9 - The Michigan Daily - Tuesday, December 9, 2003
Courtesy of NBC
can't cut Y4
BACK TO THE BASICS
MORGAN SHINES IN FAMILY-ORIENTED SITCOM
an adult edge
By Douglas Wernert
Daily Arts Writer
For most of the older crowd, cartoons have become a
thing of the past. "Beavis and Butthead" has left our TV
sets and we are left with no real alternative. Enter Adult
Swim, Cartoon Network's late night block of shows
geared to the zaniest of the Generation X and Y crowds.
Two programs in particular stand out as the network's
most popular, and for good reason.
"Space Ghost Coast to Coast" Aqua Teen
enters your living room, as an old-
time superhero, trying his hand at Hunger
hosting a late night talk show. With Force:
celebrity guests ranging from Weird Volume 1 /
Al Yankovic to Hulk Hogan, Space Space Ghost
Ghost tries to find out each person's Coast to
secret identity, which generally Coast:
results in some hilarity. The show is V
a bit scattered, as the quick-tempered Volume I
Space Ghost will zap his mantis Cartoon Network
bandleader and arch-nemesis Zorak,
or argue with his producer Moltar, another foe, for no
reason at all. This leaves audiences confused from time
to time, even though that is just Space Ghost's character
"Aqua Teen Hunger Force" continues the trend of
wacky cartoonery on Adult Swim. This offering chroni-
cles the lives of three fast food products who double as
detectives. The lovable, goofy Meatwad (who looks like,
you guessed it, a wad of meat) teams with the brainy,
No one sleeps with my grandmother[
By Niamh Slevin
Daily Arts Writer
Let's face it, friends: NBC is
getting desperate. As the mid-sea-
son marker approaches, more and
more critics across the nation are
hounding the network with com-
plaints of its new-series stinkers.
Even the quali- _
ty of old
favorites has The Tracy
quite obviously Morgan
declined. The Show
programming Tuesdays at8 p.m.
have had no NBC
choice but to
yank a few shows, send them to an
early grave and quickly find
decent replacements. Fortunately,
they found Tracy Morgan.
Unlike other comic-turned-sit-
com-star rejects, NBC's latest ven-
ture, "The Tracy Morgan Show,"
attempts to bring back some sem-
blance of cheesy family program-
ming with style, and its simple
humor only adds to its charm.
The show's premise is admitted-
ly unoriginal. Morgan plays a
father of two, trying to run his
own mechanic business and teach
his boys a few lessons along the
way. The two kids (Bobbe Thomp-
son and Marc Jon Jeffries) are of
course, loving rapscallions, who
occasionally cause trouble, but
always do the right thing in the
end. Mom (Tamala Jones) inter-
venes when necessary and tries to
maintain her image as the hip,
young mother and understanding
But it is precisely because the
plotlines are so unoriginal that the
series shows any promise at all.
Perhaps the downplayed plot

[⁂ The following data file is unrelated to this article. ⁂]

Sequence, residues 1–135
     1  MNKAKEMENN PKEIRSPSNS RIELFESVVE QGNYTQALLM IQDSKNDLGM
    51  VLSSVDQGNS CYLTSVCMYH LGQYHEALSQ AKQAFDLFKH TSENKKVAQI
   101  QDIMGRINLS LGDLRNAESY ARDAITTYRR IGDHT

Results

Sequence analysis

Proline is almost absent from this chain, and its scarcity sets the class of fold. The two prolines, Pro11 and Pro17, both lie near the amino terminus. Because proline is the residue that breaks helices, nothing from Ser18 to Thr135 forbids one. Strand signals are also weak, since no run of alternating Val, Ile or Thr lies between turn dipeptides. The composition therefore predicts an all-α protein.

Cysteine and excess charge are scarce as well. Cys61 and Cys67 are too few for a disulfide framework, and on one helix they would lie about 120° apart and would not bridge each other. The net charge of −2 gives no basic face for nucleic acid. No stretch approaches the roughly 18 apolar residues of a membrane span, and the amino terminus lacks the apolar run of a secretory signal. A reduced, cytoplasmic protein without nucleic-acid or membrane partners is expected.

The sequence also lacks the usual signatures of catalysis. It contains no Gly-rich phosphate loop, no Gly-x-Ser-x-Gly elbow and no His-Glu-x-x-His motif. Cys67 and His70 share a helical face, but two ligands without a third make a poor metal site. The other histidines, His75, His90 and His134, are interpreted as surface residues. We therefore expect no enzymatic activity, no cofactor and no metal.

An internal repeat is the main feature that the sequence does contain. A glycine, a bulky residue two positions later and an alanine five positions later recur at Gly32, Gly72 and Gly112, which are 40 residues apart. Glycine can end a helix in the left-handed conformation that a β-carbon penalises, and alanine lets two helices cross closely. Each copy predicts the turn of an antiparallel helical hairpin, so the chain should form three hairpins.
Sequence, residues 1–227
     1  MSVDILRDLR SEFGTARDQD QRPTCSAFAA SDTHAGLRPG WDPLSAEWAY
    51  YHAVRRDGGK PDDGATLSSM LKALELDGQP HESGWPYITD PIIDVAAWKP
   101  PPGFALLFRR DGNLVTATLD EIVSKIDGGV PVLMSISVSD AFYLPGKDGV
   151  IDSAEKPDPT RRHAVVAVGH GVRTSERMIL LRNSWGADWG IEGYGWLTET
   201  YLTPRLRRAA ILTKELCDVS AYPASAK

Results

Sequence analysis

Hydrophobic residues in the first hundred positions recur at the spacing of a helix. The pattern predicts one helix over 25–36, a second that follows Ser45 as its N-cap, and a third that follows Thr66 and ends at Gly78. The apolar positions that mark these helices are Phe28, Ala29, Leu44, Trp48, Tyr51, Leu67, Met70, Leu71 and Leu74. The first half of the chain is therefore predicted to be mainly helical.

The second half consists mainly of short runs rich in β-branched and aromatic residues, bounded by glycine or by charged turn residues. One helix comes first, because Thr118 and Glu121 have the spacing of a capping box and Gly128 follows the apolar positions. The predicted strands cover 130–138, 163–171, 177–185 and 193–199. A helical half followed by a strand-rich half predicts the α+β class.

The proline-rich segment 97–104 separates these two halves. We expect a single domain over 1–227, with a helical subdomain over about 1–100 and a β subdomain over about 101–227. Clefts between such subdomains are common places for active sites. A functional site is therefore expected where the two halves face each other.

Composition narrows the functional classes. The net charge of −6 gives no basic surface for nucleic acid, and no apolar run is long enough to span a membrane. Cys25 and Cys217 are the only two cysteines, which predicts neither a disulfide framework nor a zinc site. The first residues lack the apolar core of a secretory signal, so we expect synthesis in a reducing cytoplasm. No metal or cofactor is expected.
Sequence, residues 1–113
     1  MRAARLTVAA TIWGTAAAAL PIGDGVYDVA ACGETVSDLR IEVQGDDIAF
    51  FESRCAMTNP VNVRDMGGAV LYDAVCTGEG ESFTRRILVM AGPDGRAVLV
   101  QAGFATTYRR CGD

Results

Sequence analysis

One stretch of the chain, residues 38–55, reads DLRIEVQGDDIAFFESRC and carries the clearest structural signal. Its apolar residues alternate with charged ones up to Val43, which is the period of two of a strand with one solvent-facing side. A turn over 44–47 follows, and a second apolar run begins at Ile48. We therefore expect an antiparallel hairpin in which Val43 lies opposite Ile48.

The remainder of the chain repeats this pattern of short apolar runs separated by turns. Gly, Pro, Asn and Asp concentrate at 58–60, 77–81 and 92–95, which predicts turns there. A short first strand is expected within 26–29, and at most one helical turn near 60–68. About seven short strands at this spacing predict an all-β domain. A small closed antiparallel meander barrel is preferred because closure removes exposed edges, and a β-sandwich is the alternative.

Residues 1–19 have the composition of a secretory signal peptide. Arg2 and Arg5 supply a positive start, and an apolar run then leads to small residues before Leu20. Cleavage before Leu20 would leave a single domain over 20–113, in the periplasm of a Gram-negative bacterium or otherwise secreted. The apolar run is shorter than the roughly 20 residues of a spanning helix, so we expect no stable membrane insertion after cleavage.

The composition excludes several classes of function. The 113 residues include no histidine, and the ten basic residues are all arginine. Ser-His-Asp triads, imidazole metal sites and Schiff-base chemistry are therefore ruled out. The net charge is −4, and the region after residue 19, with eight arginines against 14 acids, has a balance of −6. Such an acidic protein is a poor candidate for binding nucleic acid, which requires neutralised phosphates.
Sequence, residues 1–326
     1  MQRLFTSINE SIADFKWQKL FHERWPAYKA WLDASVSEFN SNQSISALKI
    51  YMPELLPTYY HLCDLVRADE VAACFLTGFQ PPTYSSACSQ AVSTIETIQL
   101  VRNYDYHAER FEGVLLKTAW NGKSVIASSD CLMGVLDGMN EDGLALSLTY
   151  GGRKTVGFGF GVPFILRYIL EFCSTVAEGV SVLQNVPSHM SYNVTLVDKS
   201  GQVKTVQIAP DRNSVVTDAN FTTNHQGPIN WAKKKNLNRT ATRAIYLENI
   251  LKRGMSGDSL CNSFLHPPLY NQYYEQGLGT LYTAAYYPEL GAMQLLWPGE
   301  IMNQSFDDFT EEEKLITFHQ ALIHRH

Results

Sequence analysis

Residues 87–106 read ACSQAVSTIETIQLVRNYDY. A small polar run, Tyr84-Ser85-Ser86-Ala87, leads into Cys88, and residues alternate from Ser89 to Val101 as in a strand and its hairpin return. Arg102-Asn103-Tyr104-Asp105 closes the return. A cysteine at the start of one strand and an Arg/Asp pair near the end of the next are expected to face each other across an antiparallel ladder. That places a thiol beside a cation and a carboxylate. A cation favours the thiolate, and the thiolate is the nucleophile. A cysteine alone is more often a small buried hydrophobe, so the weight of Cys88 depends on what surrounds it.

serves to emphasize the SNL
favorite Brian Fellows' flair in
Morgan's caricature-like expres-
sions and seemingly random
jokes. Perhaps the irresistible
smile of a young child sucks the
audience in just like the Cosby
and Keaton kids did for past gen-
erations. Or perhaps the show's
simplicity only seems tolerable in
contrast to the outrageous alterna-
tives on the air. Who knows? The
point is it works. The show has the
potential to draw a brief laugh
from even the harshest critic.
Of course, "Tracy Morgan" has
its share of faults as well. Freddie,
played by Kat Williams, ranks
among the most annoying charac-
ters in television history (although
his Prince impression is pretty
sweet). The family feel of the
show can grate on one's nerves if
served in doses any longer than its
allotted 30 minutes, and dear old
Mom is about as fake as they
come. Yet, the series achieves a
level of mediocrity severely lack-
reasonable Frylock and the crazy,
bossy Master Shake to fight such ene-
mies as robotic rabbits and lep
rechauns. The antics of Master
Shake are laugh-out-loud funny,
and when coupled with the
creative hip-hop theme song,
audiences will keep coming
back for seconds.
The extras are lacking, even
when you consider it is just a
television show on DVD.
Aside from guest commen-
taries and a single unique fea-
ture on each set, the extras are nothing special. Still, the
content of the shows themselves are a good enough rea-
son for any cartoon fan to add this DVD to their collec-
tion. With quality content from these two shows' first
seasons, Adult Swim proves it will certainly not sink to
the bottom of the TV pool.
Courtesy or NC
ing in NBC's current lineup.
While "The Tracy Morgan
Show" cannot save NBC's tar-
nished reputation, it certainly can't
hurt. If a couple of cute kids,
goofy punch lines and an over-the-
top sketch comic will do the trick,
go for it.
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